An Ex ampl e of Class room Inst ruction Using C ont ext Clues Context clues are hints about the meaning of an unknown word that are provided in the words, phrases and sentences that surround the word. Context clues include definitions, restatements, examples or descriptions. Because students learn most word meanings indirectly, or from context, it is important that they learn to use context clues effectively. Not all contexts are helpful, however. Some contexts give little information about a word's meaning. An example of an unhelpful context is the sentence, "We heard the back door open, and then recognized the buoyant footsteps of Uncle Larry." A number of possible meanings of buoyant could fit this context, including heavy, lively, noisy, familiar, dragging, plodding, and so on. Instruction in using context clues as a word-learning strategy should include the idea that some contexts are more helpful than others.
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An Ex ampl e of Class room Inst ruction Using C ont ext Clues In a third-grade class, the teacher models how to use context clues to determine word meanings as follows:
Stude nt (reading the text): When the cat pounced on the dog, the dog jumped up, yelping, and knocked over a lamp, which crashed to the floor. The animals ran past Tonia, tripping her. She fell to the floor and began sobbing. Tonia's brother Felix yelled at the animals to stop. As the noise and confusion mounted, Mother hollered upstairs, "What's all that commotion? " Teacher: The context of the paragraph helps us determine what commotion means. There's yelping and crashing, sobbing and yelling. And then the last sentence says, "as the noise and confusion mounted." The author's use of the words noise and confusion gives us a very strong clue as to what commotion means. In fact, the author is really giving us a definition there, because commotion means something that's noisy and confusing – a disturbance. Mother was right; there was definitely a commotion! Courtesy of: http://www.kucrl.org/htmlfiles/simbrochure.pdf - 2004-10-25 http://www.nifl.gov/partnershipforreading/publications/reading_first1fluency.html
Indirect Learning of V ocabul ary You can encourage indirect learning of vocabulary in two main ways. First, read aloud to your students, no matter what grade you teach. Students of all ages can learn words from hearing texts of various kinds read to them. Reading aloud works best when you discuss the selection before, during and after you read. Talk with students about new vocabulary and concepts and help them relate the words to their prior knowledge and experiences. The second way to promote indirect learning of vocabulary is to encourage students to read extensively on their own. Rather than allocating instructional time for independent reading in the classroom, however, encourage your students to read more outside of school. Of course, your students also can read on their own during independent work time in the classroom – for example, while you teach another small group or after students have completed one activity and are waiting for a new activity to begin.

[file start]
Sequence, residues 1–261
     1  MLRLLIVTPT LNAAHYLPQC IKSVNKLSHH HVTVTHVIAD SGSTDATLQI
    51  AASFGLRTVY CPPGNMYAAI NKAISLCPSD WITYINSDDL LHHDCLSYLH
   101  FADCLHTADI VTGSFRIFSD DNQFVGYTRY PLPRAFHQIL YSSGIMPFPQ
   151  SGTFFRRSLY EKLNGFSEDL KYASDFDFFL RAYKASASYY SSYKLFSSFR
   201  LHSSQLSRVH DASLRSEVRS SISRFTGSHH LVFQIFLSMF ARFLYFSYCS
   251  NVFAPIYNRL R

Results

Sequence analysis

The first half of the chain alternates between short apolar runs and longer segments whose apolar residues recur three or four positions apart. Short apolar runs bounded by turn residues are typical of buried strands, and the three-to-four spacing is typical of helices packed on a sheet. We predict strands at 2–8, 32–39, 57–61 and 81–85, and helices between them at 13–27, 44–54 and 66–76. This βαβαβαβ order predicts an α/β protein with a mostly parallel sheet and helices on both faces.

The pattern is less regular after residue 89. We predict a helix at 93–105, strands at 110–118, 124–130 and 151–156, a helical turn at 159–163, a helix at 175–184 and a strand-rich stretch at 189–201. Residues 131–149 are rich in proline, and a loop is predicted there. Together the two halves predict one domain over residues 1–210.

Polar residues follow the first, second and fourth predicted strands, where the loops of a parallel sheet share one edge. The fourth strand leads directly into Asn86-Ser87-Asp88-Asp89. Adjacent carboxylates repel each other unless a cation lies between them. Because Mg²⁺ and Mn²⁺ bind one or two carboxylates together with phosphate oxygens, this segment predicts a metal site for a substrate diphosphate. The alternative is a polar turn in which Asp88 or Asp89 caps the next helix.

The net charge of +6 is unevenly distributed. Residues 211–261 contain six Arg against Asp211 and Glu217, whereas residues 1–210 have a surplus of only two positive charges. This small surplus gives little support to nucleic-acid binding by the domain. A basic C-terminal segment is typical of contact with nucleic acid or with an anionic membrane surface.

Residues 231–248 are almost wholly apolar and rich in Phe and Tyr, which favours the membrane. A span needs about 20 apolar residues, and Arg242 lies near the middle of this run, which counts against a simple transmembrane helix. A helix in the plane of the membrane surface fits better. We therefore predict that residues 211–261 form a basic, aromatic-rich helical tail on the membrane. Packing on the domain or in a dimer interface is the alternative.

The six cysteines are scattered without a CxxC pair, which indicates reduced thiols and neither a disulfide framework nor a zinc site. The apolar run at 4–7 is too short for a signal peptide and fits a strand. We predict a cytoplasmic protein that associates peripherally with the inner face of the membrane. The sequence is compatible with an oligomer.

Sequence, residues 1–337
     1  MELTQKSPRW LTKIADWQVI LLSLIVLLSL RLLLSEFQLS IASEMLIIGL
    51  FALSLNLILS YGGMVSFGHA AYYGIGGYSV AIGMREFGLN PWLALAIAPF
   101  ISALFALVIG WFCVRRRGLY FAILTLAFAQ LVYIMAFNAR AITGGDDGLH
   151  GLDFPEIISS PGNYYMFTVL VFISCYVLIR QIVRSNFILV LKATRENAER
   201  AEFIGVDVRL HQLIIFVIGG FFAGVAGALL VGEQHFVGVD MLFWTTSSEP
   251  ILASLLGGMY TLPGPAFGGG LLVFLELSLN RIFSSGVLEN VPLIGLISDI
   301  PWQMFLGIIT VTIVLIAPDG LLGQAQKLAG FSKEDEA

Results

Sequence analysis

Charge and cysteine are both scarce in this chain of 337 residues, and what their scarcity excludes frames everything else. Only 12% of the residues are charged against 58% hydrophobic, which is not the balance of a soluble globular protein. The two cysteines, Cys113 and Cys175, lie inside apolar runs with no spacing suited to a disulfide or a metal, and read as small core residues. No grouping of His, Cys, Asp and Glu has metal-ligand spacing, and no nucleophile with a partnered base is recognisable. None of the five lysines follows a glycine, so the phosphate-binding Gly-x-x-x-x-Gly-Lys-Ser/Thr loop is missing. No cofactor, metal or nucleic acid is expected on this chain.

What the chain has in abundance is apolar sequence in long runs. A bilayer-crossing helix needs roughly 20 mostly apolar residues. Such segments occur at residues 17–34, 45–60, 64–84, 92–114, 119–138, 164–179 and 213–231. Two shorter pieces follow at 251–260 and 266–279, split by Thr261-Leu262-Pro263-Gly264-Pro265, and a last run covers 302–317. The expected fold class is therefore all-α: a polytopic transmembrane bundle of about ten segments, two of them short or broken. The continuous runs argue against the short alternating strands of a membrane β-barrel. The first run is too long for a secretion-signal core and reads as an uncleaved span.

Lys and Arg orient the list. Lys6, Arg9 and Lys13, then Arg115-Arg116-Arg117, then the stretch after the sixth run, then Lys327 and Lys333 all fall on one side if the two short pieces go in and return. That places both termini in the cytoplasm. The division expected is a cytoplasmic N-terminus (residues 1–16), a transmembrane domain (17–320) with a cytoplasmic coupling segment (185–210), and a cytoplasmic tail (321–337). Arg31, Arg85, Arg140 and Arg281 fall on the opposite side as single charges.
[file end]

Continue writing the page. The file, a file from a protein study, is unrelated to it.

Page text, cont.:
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Words t o Teach You won't be able to directly teach your students all the words in a text that they might not already know. In fact, there are several reasons why you should not directly teach all unknown words.
The text may have a great many words that are unknown to students – too many for direct instruction. Direct vocabulary instruction can take a lot of class time – time that you might better spend on having your students read. Your students can understand most texts without knowing the meaning of every word in the text. Your students need opportunities to use word-learning strategies to learn on their own the meanings of unknown words.
You will probably be able to teach thoroughly only a few new words (perhaps eight or ten) per week, so you need to choose the words you teach carefully. Focus on teaching three types of words: Important words. When you teach words before students read a text, directly teach those words that are important for understanding a concept or the text. Your students might not know several other words in the selection, but you will not have time to teach them all. Of course, you should prepare your students to use word-learning strategies to figure out the meanings of other words in the text. Useful words. Teach words that students are likely to see and use again and again. For example, it is probably more useful for students to learn the word fragment than the word fractal; likewise, the word revolve is more useful than the word gyrate. Difficult words. Provide some instruction for words that are particularly difficult for your students. Words with multiple meanings are particularly challenging for students. Students may have a hard time understanding that words with the same spelling and/or pronunciation can have different meanings, depending on their context. Looking up words with multiple meanings in the dictionary can cause confusion for students. They see a number of different definitions listed, and they often have a difficult time deciding which definition fits the context. You will have to help students determine which definition they should choose. Idiomatic expressions also can be difficult for students, especially for students who are English language learners. Because idiomatic expressions do not mean what the individual words usually mean, you often will need to explain to students expressions such as "hard hearted," "a chip off the old block," "drawing a blank," or "get the picture." Page 44 – Reading Interventions: Vocabulary Least Intensive Interventions